IC 2118 (also known as Witch Head Nebula due to its shape), is an extremely faint reflection nebula believed to be an ancient supernova remnant or gas cloud illuminated by nearby supergiant star Rigel in Orion. It lies in the Eridanus constellation, about 900 light-years from Earth. The nature of the dust particles, reflecting blue light better than red, is a factor in giving the Witch Head its blue color. Radio observations show substantial carbon monoxide emission throughout parts of IC 2118 an indicator of the presence of molecular clouds and star formation in the nebula. In fact candidates for pre-main sequence stars and some classic T-Tauri stars have been found deep within the nebula.[1]

The molecular clouds of IC 2118 are probably juxtaposed to the outer boundaries of the vast Orion-Eridanus bubble, a giant supershell of molecular hydrogen blown by the high mass stars of the Orion OB1 association. As the supershell expands into the interstellar medium favorable circumstances for star formation occur. IC 2118 is located in one such area.The wind blown appearance and cometary shape of the bright reflection nebula is highly suggestive of a strong association with the high mass luminous stars of Orion OB1. The fact that the heads of the cometary clouds of IC2118 point northeast towards the association is strong support of that relationship.

Antares Region


The Rho Ophiuchi

Optics/mount: 180 Epsilon f2,8 Takahashi Mount Alt-5ADN
exposure: mosaic 9x10x600 sec

The Rho Ophiuchi cloud complex is a dark nebula of gas and dust that is located 1° south of the star ρ Ophiuchi of the constellation Ophiuchus. At an estimated distance of 131 ± 3 parsecs, this cloud is one of the closest star-forming regions to the Solar System.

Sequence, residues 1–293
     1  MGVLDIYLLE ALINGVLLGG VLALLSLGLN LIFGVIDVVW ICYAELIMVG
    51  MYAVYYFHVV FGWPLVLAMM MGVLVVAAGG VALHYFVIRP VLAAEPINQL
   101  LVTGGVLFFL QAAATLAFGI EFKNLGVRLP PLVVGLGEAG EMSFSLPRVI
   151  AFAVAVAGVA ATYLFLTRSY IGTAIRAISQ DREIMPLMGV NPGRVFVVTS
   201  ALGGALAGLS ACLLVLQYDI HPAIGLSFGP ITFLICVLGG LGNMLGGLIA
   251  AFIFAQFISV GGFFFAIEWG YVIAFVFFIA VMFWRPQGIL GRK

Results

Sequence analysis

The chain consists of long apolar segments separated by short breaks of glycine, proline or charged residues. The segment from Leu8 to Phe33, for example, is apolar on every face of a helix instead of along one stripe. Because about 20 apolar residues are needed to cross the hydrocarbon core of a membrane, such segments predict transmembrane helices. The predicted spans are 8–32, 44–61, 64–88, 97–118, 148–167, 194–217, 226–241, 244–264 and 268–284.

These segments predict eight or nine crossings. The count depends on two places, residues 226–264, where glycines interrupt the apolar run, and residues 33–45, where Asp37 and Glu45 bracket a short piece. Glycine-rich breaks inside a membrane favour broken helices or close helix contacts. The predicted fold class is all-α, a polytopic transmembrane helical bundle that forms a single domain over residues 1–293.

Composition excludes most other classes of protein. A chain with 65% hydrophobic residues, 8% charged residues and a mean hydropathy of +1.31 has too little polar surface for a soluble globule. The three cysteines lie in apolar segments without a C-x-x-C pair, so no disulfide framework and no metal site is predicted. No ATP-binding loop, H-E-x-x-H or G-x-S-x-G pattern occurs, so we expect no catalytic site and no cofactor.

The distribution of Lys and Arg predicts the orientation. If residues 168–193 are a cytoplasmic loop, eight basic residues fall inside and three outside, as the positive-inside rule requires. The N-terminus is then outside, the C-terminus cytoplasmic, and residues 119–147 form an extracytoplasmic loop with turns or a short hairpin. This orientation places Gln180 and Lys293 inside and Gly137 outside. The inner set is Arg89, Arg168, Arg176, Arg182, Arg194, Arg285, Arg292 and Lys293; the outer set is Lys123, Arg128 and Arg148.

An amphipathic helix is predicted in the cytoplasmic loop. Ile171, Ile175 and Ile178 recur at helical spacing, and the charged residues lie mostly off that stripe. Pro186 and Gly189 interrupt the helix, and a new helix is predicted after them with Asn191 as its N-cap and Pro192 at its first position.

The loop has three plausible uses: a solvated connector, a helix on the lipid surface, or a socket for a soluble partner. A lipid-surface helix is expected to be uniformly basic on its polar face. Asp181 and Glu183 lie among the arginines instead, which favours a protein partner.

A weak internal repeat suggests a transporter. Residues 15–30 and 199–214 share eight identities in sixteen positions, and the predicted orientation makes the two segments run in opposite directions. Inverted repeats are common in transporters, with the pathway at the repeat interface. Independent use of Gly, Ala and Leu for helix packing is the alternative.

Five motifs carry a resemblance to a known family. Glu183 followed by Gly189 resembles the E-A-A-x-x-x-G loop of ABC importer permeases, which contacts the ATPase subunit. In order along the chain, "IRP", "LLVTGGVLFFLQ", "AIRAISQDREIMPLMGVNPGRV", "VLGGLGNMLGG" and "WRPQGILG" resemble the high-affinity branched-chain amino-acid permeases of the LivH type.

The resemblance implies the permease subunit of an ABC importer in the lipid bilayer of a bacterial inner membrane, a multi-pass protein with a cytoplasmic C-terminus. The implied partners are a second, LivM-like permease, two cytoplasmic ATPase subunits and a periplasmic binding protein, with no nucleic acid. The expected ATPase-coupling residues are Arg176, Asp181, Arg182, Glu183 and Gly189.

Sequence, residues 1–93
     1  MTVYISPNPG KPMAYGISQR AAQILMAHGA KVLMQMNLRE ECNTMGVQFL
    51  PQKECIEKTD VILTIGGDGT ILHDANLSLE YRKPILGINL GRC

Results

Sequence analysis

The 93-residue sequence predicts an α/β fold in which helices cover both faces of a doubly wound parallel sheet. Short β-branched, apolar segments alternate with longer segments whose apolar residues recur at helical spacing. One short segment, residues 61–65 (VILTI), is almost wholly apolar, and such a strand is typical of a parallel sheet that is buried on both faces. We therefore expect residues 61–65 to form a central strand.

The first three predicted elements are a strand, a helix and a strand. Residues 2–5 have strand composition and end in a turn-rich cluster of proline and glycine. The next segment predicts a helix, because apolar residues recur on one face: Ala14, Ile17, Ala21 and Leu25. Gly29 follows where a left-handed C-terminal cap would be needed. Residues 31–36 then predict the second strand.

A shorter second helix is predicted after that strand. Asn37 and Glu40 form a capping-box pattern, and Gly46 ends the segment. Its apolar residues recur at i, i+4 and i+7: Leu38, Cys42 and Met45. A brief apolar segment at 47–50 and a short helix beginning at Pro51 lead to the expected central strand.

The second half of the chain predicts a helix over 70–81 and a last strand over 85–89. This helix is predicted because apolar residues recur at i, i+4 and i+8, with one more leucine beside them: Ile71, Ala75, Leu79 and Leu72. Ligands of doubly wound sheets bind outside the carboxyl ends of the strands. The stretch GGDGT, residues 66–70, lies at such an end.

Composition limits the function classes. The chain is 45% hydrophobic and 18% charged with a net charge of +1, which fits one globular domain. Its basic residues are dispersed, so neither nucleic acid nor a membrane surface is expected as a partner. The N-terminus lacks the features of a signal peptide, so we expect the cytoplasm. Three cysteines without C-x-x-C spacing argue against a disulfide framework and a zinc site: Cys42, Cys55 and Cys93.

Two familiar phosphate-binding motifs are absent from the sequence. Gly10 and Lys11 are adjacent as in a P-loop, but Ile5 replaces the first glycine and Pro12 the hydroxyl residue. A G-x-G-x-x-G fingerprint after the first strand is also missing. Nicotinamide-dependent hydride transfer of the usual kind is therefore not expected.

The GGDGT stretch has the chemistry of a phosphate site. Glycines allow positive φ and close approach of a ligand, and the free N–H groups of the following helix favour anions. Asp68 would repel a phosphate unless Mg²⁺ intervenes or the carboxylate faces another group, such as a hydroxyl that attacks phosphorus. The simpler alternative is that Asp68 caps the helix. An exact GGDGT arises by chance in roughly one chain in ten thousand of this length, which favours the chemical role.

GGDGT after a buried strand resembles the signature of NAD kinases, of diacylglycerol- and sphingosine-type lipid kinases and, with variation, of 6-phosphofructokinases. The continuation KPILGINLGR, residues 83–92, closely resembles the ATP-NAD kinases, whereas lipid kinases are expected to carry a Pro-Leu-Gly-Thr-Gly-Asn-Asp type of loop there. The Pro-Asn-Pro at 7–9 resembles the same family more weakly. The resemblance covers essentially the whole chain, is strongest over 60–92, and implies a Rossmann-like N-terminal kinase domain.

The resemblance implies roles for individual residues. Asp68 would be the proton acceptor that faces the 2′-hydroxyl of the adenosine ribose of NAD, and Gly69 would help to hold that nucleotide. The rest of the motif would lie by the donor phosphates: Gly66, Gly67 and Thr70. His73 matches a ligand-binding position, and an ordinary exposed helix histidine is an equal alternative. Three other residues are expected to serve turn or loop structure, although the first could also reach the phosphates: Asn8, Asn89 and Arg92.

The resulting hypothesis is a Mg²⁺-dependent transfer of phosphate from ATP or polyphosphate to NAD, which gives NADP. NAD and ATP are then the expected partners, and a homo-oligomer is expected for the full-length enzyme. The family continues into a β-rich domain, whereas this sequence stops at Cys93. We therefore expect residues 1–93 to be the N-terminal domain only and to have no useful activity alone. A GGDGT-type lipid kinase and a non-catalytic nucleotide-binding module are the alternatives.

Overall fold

This cloud covers an angular area of 4.5° × 6.5° on the celestial sphere. It consists of two major regions of dense gas and dust. The first contains a star-forming cloud (L1688) and two filaments (L1709 and L1755), while the second has a star-forming region (L1689) and a filament (L1712–L1729). These filaments extend up to 10–17.5 parsecs in length and can be as narrow as 0.24 parsecs in width. Some of the structures within the complex appear to be the result of a shock front passing through the clouds from the direction of the neighboring Sco OB2 association.

Temperatures of the clouds range from 13–22 K, and there is a total of about 3,000 times the mass of the Sun in material. Over half of the mass of the complex is concentrated around the L1688 cloud, and this is the most active star-forming region. There are embedded infrared sources within the complex.[6] A total of 425 infrared sources have been detected near the L1688 cloud. These are presumed to be young stellar objects, including 16 classified as protostars, 123 T Tauri stars with dense circumstellar disks, and 77 weaker T Tauri stars with thinner disks. The last two categories of stars have estimated ages ranging from 100,000 to a million years.

The first brown dwarf to be identified in a star-forming region was Rho Oph J162349.8-242601, located in the Rho Ophiuchi cloud. One of the older objects at the edge of the primary star-forming region was found to be a circumstellar disk seen nearly edge on. It spans a diameter of 300 AU and contains at least twice the mass of Jupiter. The million-year-old star at the center of the disk has a temperature of 3,000 K and is emitting 0.4 times the luminosity of the Sun.

M33 Triangulum Galaxy




Optics/mount: 180 Epsilon f2,8 Takahashi Mount CI700 Clestron
Camera/filters:QHY 12
exposure: 20×600 sec

The Triangulum Galaxy is a spiral galaxy approximately 3 million light years (ly) from Earth in the constellation Triangulum. It is catalogued as Messier 33 or NGC 598, and is sometimes informally referred to as the Pinwheel Galaxy, a nickname it shares with Messier 101. The Triangulum Galaxy is the third-largest member of the Local Group of galaxies, which includes the Milky Way Galaxy, the Andromeda Galaxy and about 30 other smaller galaxies. It is one of the most distant permanent objects that can be viewed with the naked eye.

M51 Whirlpool Galaxy

The Whirlpool Galaxy